Notebooks are something I used to fetishize. I loved beautiful notebooks to the point that I felt my words were unworthy of them, so I tended to leave them unused lest I sully them with my drivel. Lucky for you, I don’t feel that way about the Internet…
I had many different kinds of Moleskine notebooks over the past decade, but they all annoyed me in various ways. Every model of notebook would eventually be destroyed before I had filled it, regardless of its size. One of my favourite authors, Warren Ellis, mentioned at some point that he had gotten some Field Notes and enjoyed them. The brand doesn’t seem to be sold in stores where I live, so I eventually bought a few via Amazon, and they worked for me. I appreciate that my Field Notes notebooks don’t get destroyed while living in my back pocket every day, which is the only brand to manage that. So I have a quarterly Field Notes subscription that I share with a friend, and it keeps me well-stocked with a variety of notebooks that I find useful.
So… why not use my phone for taking notes? Honestly, I can’t think on a cell phone. I can think with a keyboard, because to me that’s just talking, and talking is how I think. While using a pen and paper, my brain still feels like I’m talking, to myself at least. But when I’m using a touchscreen, I feel like I’m operating a device, and I’m constrained by the choices made by the designer of the device. It’s probably a generational thing, but that’s how my brain is wired, and I’ve got to live with my brain.
For a few years I kept a Sharpie pen in my pocket at all times, but they are kind of a pain to write with — they’re sensitive to angle — despite the nice result they produce. Then I carried around a Fisher Bullet Space Pen for a year or two, but its small form factor drove me nuts, as did the necessity that I remove the cap. Ain’t nobody got time for that! So I upgraded to the much cheaper Zebra F-701. This pen is made of a surprisingly thick metal tube, partially knurled for grip, with a normal clicky mechanism (technical term). It doesn’t annoy me. High praise.
As long as I can remember, I’ve kept my wallet in my front-right pocket. For five years or so this was a bi-fold wallet, and then I decided I needed more pocket space, so I switched to using a binder clip as a ‘wallet’, refusing to carry any cards that weren’t essential in my daily life. Now I use a Nomatic Basics wallet, which is the spiritual successor to my binder clip. Its elastic is convenient, keeping the cards snug, and the pull-tab that makes the cards separate is occasionally useful.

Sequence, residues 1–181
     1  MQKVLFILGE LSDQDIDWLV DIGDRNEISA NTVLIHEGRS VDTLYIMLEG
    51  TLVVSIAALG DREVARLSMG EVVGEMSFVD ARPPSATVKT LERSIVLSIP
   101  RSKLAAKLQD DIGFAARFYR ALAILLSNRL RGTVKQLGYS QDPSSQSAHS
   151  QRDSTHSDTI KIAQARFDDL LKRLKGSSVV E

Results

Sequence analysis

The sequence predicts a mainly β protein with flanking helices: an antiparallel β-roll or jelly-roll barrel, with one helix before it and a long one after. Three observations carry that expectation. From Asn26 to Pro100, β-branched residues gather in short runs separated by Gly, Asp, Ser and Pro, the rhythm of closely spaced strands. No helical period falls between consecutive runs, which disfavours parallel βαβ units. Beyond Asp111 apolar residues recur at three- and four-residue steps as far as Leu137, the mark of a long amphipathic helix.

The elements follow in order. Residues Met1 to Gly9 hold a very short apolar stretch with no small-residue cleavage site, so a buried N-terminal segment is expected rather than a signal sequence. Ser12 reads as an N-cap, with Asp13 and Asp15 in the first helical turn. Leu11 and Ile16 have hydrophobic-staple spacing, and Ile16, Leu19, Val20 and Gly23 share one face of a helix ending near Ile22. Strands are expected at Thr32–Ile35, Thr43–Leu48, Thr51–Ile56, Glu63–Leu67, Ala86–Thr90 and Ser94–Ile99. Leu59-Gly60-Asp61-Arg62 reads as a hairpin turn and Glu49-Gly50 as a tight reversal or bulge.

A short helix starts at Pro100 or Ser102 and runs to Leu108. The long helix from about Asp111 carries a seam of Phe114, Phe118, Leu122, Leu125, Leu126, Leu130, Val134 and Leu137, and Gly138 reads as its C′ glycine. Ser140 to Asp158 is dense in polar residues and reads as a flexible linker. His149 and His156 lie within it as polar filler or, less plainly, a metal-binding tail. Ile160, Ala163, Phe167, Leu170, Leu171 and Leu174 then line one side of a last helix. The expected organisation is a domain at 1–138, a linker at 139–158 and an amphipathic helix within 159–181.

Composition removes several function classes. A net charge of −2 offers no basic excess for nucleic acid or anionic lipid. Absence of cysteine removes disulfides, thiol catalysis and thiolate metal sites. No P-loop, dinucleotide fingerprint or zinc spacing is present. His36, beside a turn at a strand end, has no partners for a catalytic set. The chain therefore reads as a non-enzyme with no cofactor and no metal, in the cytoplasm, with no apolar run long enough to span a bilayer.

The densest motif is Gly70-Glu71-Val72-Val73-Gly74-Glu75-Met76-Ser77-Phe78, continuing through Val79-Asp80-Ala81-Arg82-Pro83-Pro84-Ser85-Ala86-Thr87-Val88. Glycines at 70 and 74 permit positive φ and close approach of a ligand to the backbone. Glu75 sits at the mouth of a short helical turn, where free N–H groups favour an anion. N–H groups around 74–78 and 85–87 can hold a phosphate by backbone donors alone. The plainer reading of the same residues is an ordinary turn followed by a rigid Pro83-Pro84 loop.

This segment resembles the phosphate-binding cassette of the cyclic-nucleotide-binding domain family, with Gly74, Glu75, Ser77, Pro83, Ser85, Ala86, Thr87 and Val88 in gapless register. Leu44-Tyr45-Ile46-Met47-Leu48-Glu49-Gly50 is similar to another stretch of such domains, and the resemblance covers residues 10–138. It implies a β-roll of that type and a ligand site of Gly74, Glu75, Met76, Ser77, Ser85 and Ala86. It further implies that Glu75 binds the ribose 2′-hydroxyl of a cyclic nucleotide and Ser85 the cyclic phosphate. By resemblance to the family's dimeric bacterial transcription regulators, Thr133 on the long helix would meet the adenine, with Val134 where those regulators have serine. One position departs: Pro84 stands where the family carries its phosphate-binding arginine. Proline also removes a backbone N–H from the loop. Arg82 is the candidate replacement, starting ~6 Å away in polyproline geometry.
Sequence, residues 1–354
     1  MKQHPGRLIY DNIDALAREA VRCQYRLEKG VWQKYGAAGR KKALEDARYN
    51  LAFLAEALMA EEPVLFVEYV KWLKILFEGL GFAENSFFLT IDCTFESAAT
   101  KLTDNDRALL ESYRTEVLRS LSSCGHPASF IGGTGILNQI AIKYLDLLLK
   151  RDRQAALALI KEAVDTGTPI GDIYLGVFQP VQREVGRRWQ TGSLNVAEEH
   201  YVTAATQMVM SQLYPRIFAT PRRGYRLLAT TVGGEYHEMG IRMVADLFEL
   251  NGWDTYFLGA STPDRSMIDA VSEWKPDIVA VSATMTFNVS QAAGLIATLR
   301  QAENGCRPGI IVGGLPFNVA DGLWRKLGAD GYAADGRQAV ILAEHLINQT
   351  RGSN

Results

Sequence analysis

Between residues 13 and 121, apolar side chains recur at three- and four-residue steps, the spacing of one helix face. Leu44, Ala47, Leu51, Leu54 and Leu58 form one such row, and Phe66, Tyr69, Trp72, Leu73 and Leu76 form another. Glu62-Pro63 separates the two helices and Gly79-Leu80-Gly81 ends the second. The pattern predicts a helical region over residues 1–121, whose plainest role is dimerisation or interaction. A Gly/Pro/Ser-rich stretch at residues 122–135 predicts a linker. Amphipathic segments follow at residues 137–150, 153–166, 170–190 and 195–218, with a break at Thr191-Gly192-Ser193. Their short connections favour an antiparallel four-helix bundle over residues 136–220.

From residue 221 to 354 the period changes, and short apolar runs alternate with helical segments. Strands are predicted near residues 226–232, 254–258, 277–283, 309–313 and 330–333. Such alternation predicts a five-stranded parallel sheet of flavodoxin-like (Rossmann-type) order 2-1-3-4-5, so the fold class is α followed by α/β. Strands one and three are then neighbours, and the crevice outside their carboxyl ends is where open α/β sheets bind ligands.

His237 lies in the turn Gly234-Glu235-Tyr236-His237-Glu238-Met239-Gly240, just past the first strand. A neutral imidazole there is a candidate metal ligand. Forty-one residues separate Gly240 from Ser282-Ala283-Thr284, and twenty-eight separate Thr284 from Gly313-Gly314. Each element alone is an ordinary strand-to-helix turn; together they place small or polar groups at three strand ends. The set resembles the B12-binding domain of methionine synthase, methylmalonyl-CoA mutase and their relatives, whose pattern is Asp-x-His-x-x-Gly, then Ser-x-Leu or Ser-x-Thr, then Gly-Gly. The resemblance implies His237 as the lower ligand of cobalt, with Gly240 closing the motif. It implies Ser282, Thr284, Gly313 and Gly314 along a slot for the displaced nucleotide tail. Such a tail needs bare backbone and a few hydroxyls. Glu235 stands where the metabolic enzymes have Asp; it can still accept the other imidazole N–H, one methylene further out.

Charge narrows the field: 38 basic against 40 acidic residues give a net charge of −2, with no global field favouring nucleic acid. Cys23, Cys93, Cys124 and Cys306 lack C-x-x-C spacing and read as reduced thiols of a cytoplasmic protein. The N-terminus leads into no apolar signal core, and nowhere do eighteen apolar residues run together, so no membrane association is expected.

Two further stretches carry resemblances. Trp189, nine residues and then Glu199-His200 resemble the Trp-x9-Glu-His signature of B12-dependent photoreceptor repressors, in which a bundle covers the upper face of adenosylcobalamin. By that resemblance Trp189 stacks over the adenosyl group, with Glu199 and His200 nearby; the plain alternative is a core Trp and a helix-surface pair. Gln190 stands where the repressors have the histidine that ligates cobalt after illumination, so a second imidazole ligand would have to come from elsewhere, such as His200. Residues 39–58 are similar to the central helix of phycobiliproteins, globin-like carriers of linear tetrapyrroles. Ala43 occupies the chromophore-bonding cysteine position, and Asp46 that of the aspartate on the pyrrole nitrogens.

Handkerchiefs seem weird, until you carry one… and live my life. I have used my handkerchiefs to wipe faces, wipe noses, wipe tears, wrap wounds, wrap hands, wrap food, clean glasses, dry hands and more. Have a stack of them, stick a new one in your pocket each day, and you’re good to go.
Ty Beanie Baby Squirrel
Roughly twenty years ago, my little sister was a toddler, and gave me this plush squirrel. I have kept it in the pocket of whatever pants I’m wearing (roughly) every day since then. It gets laundered frequently and intentionally. I’ve even bleached it once or twice, and the colour held. While the squirrel is rarely useful, it is essential to me. It most often functions as a projectile, an improvised stand, or a distraction. Its name is Nuts.
While I don’t wear it often, because it doesn’t fit well at the moment because I’d rather resize myself that it, my wedding ring is part of my gear.
I wonder how many people have obsessed over the date discrepancies on the times the watches are showing, trying to figure out if I took the pictures months ago, took the pictures over the course three hours, or intentionally chose times and dates that would aggravate the observant…